Today I want to talk about goals. Specifically, I want to talk about the differences between the big ones and the little ones.
When I was an assistant designer at a different publishing house than the one I work out now, I had a conversation with one of my bosses about goals. At the time, I was designing the occasional paperback book cover and jacket. I hadn't yet had a chance to do a truly original hardcover, much less a whole season of my own book cover designs, and I was expressing my desire for these bigger opportunities to one of my managers.
"What are your goals?" She asked me.
"I want to design my own frontlist title," I said, which is publishing jargon for a brand-new, shiny, never-been-published book. She laughed, and I was taken aback. Getting my own book cover = a step in the direction of becoming a badass book designer, and I was offended that she was laughing.
"I'm not laughing at you," she clarified, because my displeasure was probably painted all over my face. "I'm laughing because I was exactly the same way when I was in your position."
She went on to tell me a story about when she was a young designer and was asked by her boss what her goals were. She’d said she wanted to be an associate art director, and she got laughed at too. Why associate? Why not a straight up art director? Why not creative director, or award-winning design champion of the world?
I think about that conversation a lot, because I’m still figuring out how to define my big goals. What does it say about me that I'm someone who looks at the next thing on the list instead my weekly, monthly, or yearly plans? I’m guess I find the big goals daunting, and breaking one into a million smaller pieces is much easier for me to manage.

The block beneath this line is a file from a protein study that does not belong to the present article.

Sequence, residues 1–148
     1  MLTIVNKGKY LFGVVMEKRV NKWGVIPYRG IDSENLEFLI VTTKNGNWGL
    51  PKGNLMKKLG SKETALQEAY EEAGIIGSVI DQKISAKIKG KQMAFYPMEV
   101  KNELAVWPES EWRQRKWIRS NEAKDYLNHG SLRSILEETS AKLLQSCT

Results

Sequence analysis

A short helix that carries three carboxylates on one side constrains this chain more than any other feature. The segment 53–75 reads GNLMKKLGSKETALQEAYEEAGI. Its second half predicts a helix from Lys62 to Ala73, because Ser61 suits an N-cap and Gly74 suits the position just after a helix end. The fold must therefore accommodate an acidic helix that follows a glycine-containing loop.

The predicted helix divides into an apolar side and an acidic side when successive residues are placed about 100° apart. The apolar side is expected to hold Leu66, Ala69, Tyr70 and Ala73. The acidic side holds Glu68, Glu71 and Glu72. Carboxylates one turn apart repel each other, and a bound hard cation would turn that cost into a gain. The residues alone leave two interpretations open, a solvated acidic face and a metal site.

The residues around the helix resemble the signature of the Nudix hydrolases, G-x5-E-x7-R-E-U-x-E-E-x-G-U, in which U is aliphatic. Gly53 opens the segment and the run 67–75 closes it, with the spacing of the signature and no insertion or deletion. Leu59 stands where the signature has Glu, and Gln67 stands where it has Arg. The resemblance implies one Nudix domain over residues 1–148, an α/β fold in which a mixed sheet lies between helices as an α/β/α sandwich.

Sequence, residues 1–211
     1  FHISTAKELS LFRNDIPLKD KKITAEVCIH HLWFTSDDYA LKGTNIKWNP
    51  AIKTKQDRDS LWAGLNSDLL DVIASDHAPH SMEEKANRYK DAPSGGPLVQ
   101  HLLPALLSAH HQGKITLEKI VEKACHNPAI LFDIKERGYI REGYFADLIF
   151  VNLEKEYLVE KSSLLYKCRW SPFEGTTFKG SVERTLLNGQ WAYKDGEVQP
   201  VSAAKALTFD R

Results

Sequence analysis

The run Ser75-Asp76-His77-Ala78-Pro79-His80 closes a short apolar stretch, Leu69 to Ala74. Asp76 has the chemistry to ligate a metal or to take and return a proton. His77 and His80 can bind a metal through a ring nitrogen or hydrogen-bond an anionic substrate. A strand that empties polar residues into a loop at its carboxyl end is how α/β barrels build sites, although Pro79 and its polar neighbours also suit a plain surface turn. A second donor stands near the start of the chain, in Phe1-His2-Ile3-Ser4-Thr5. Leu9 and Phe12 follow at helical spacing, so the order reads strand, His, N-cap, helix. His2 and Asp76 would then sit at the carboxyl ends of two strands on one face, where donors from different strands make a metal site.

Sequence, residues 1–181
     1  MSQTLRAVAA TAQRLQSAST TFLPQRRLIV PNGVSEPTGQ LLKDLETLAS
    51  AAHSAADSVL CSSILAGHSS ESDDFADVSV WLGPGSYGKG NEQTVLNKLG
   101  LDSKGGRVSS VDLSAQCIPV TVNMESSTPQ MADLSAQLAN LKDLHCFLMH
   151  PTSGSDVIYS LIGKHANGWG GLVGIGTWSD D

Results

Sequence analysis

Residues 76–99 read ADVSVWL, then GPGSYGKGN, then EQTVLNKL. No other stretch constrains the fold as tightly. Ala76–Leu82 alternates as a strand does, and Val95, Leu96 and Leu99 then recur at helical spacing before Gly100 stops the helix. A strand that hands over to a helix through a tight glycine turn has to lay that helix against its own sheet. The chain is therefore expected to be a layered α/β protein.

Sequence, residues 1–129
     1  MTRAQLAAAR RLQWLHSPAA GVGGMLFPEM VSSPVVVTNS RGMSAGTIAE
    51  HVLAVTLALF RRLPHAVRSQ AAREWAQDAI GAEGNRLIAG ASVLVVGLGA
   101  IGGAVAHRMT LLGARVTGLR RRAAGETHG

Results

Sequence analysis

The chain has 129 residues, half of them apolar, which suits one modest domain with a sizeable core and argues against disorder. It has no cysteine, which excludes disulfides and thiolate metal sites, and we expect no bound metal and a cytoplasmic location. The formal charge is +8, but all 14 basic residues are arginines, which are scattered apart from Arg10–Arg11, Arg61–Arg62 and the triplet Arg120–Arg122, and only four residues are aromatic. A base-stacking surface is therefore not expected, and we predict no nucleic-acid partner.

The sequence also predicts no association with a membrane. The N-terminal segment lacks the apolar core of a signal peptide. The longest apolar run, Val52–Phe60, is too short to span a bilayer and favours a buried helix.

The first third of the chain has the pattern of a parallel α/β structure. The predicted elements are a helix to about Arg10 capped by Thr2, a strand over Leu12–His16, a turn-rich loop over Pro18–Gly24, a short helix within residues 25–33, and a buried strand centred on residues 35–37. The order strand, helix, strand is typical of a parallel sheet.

I think about this a lot when I run. When I lived in Manhattan, I ran the Reservoir in Central Park probably three hundred times. It’s basically a big circle around a lake (you’ve probably seen it when someone gets murdered in the park on Law and Order: SVU), and if I looked all the way across and thought about how I had to run that whole distance just to get halfway I would immediately feel tired. But if I just focused on getting to the next streetlight, running the whole path was a breeze (okay, not a breeze, but it was definitely easier). But more importantly, it was more fun to do it that way.
Since starting this project, I've decided to steer into the fact that I make my little daily goals precise and keep my big goals vague and a little nebulous, at least for now. It is definitely a seriously meta goal of mine to figure out those big goals, and I think I’m getting there. But this whole exercise is about baby steps— It’s about feeling a little bit better every day, and trying something different than I did the day before while striving for better instead of more. If I feel better in what I’m wearing, I’ll feel more confident in everything else I’m doing, and hopefully that will domino into other big, productive changes and realizations.
I’ve almost finished the first capsule, and I’m starting to reflect on the mini-goals I’ve accomplished in this short span of time. Changing out of yoga pants on the weekends, seeking out an outfit that makes me feel empowered for a specific meeting, finding looks that are comfortable and versatile while also being stylish— those are some of them.
It's about the clothes, but it isn’t. It's about feeling just a little better about myself in them so that I'm more able to handle everything else in life. The somewhat stressful and ominous Big Goal is still looming out there, and I'll hunt it down eventually.